Weaving Projects: How to make a Yurt Band on a Nomadic Ground Loom, Part Two

Researching Central Asian yurts bands has been something of a challenge due to the lack of information written and easily available on this style of weaving and the difficulty obtaining samples to study.  Through good fortune I obtained a handspun, handwoven yurt band this past summer on vacation which has provided the opportunity for study and experimentation to try and duplicate the style of weaving of this band.  Yurt bands are not monolithic in their style and the type of technique used for weaving them varies between different nomadic  groups.

The first step in my journey to learn how to weave these types of bands was to determine which method was being used and to do that I needed to find and identify what type of loom.  Finding no evidence of cardweaving I was able to rule that out and began to search for 19th and 20th century photos of Nomadic culture to scour the photos for any signs of fabric production.  Very quickly photos of Turkic women at work on deceptively simple ground looms began to pop up.  The ground loom can be created very easily by readily available materials and is exceptionally portable.  Interestingly the parallel development of Peruvian Pebbleweave took place on Backstrap looms which are essentially the same as groundlooms except for being body tensioned instead of staked out or held down by heavy rocks.  The antiquity of this type of loom is beyond question and it’s continuous use from an estimated 6000 B.C. up to the present era speaks of it’s well functioning form and usefulness.  A more in depth discussion of this loom and how to create one for yourself  can be found at https://ladyvirag.wordpress.com/nomadic-looms-for-the-sca-simple-low-cost-historical-weaving/.

closeup

The next step was to identify the weaving technique used to create the unique pebbled effect that these particular bands feature as a design element.  A close examination of the band revealed that the each block of the geometric design was created using pairs of threads so I know right away that I would be looking at a design that would be written out as Light,light, dark, dark, etc.  There are at least two basic ways to achieve this effect on a loom that creates two sheds.  The technique could be done on a loom with only two sheds and two pickup sticks or it could be made on a four to six heddle style loom where the pebbles would be more loom controlled then weaver controlled.  The use of the more complicated loom didn’t ring true to the nomadic nature of the original artisans so it was ruled out.  If,  however, you would like to pursue weaving in this manner on a ground loom then Virla Birrell’s “The Textile Arts” list the warping order and instructions for both two shaft and four to six shaft floor looms on pages 140-143.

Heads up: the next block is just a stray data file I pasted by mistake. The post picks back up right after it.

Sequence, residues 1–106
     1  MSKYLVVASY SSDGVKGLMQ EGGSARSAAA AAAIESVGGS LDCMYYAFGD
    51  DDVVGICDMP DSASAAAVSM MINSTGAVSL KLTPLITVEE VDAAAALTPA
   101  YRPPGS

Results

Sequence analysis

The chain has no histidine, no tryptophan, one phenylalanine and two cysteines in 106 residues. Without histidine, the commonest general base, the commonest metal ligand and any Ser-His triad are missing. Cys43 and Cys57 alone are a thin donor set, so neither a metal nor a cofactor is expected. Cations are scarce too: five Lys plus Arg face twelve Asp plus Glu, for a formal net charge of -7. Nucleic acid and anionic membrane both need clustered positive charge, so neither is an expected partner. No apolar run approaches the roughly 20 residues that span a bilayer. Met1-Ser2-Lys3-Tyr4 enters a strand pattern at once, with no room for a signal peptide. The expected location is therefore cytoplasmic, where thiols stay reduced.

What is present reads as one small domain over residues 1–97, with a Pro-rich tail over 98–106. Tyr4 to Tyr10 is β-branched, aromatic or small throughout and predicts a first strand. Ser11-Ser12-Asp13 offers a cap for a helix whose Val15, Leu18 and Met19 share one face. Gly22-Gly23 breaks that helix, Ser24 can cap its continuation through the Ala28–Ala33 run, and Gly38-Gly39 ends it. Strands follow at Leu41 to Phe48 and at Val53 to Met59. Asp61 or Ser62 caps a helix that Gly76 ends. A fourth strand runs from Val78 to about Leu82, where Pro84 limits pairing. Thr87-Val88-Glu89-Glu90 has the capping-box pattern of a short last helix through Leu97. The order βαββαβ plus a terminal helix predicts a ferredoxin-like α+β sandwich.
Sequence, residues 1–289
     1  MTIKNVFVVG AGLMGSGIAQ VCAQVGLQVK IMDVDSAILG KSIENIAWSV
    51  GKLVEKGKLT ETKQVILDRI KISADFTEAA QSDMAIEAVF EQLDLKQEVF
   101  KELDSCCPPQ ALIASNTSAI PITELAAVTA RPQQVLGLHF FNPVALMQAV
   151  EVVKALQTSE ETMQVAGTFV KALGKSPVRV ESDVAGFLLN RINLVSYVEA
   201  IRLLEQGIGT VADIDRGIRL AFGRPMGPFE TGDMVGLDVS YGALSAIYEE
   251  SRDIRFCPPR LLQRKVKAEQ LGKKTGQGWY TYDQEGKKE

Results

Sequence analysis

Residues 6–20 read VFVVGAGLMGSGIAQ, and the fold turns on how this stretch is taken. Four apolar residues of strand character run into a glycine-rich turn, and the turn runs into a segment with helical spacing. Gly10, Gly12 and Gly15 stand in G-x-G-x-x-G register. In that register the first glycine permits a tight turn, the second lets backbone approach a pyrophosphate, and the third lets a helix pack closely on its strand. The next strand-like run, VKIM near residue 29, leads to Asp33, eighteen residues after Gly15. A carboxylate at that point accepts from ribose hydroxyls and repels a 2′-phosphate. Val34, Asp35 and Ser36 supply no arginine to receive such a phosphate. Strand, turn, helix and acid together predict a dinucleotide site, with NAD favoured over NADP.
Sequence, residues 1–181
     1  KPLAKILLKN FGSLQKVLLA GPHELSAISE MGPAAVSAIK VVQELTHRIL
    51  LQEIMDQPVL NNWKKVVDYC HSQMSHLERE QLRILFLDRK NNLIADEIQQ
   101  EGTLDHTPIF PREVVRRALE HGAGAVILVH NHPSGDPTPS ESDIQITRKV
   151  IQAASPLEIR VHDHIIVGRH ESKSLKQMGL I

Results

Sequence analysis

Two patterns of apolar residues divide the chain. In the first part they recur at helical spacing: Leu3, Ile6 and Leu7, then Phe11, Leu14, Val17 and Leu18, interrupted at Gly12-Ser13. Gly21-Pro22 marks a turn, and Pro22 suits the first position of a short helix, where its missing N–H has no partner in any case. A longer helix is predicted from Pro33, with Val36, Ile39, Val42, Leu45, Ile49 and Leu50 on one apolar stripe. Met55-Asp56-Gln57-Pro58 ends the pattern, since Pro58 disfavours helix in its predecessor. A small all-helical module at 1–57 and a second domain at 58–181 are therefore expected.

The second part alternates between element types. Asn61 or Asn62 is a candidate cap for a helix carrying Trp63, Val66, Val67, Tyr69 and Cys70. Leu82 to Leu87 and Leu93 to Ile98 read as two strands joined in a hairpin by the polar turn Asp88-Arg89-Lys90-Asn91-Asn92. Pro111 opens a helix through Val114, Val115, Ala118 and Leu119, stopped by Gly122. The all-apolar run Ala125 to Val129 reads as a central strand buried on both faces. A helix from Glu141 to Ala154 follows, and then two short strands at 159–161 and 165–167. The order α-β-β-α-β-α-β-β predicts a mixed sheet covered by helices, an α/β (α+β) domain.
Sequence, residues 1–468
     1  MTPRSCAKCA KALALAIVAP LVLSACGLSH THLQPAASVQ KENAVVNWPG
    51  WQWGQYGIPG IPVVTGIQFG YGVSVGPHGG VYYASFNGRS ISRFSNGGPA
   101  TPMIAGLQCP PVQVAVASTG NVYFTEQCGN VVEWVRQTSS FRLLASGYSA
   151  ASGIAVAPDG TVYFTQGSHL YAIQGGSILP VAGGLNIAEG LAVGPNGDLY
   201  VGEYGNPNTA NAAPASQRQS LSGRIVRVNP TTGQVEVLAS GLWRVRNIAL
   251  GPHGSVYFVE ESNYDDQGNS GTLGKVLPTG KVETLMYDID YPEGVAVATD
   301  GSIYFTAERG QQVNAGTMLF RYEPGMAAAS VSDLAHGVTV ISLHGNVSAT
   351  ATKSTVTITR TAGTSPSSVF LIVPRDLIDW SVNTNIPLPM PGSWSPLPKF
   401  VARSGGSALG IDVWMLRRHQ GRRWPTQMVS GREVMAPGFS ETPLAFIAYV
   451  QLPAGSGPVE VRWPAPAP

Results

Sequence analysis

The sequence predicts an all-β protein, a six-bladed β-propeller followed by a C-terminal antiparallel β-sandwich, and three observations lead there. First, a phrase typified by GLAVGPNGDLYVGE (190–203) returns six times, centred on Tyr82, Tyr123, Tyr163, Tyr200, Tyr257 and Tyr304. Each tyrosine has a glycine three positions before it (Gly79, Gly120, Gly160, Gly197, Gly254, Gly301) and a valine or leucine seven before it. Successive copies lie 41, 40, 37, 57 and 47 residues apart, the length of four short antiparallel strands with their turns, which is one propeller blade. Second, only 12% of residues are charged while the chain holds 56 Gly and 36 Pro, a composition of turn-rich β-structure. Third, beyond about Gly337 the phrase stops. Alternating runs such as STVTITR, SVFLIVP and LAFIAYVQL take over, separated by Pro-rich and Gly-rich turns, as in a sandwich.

The first method I studied was the Irregular Warp Method which is detailed in “The Art of Bolivian Highland Weaving” by Cason and Cahlander.  On page 83 it says “in the irregular warp method, the pebble rows are heddle controlled, so only the design rows need to be picked.  Some weavers prefer this method, finding it faster and more rhythmic.”  If using this style of warping then the design rows are picked and the pebble rows are heddle controlled which accounts for it’s speediness.  I believe the warp threads are laid out as follows…

L DD LL DD LL DD L

D LL DD LL DD LL D

If the loom is warped in this manner then after several rows have been woven the result should not be horizontal strips but instead it should produce a design more like a checker broad.  As the ends of my own yurt band are not entirely intact I used http://www.ebay.com to look up pictures of similar bands for sale.  Several of the sellers had photos which showed the beginning of these bands and I found that the checkerboard pattern was not present so I ruled this out as a possible method for warping this type of yurt band.  At this point I began to realize I was over complicating the issue.

Next I looked for a warping technique that would produce horizontal strips when the weft was thrown for several rows.  This plainweave would look like a light stripe on top of a dark strip on top of a light stripe, etc.    The warping order for this set up would be…

D D D D D D D D D D D

D L L L L L L L L L L D

The final detail needed to be able to make a decision on the basic warping order was a view of the back of the piece.  Turning my yurt band over I found alternating bands of horizontal stripes which supported the second, and simpler, warping version.

sany0961

At this point it is time to choose a loom.  Our yurt band measures 48 feet long and 16 inches wide and most likely took between one and three years to create by an experienced weaver.  Not being an experienced weaver or having that much concentration but simply wanting to learn the technique several options for looms are open to me which can hold between two an six yards.  Obviously a homemade ground loom consisting of four stakes, three dowel rods, string heddles, and either two tall blocks to hold the heddle bar of a tripod is one inexpensive option.  Other looms which are of use would be an inkle loom, backstrap loom, or rigid heddle loom.  The type of loom you choose will determine the width and length of the piece you create.  For example, the inkle loom I own produces a piece of trim about two yards long but my Beka rigid heddle loom can hold up to six yards of warp.  Once the decision is made it is time to figure out your yarn requirements and procure your yarn.  The yarn used for the yurt band we purchased meausures at 16 ends per inch and is two ply.  It still kinks back on itself showing that it is very, very tightly spun.

sany0947

To be continued…

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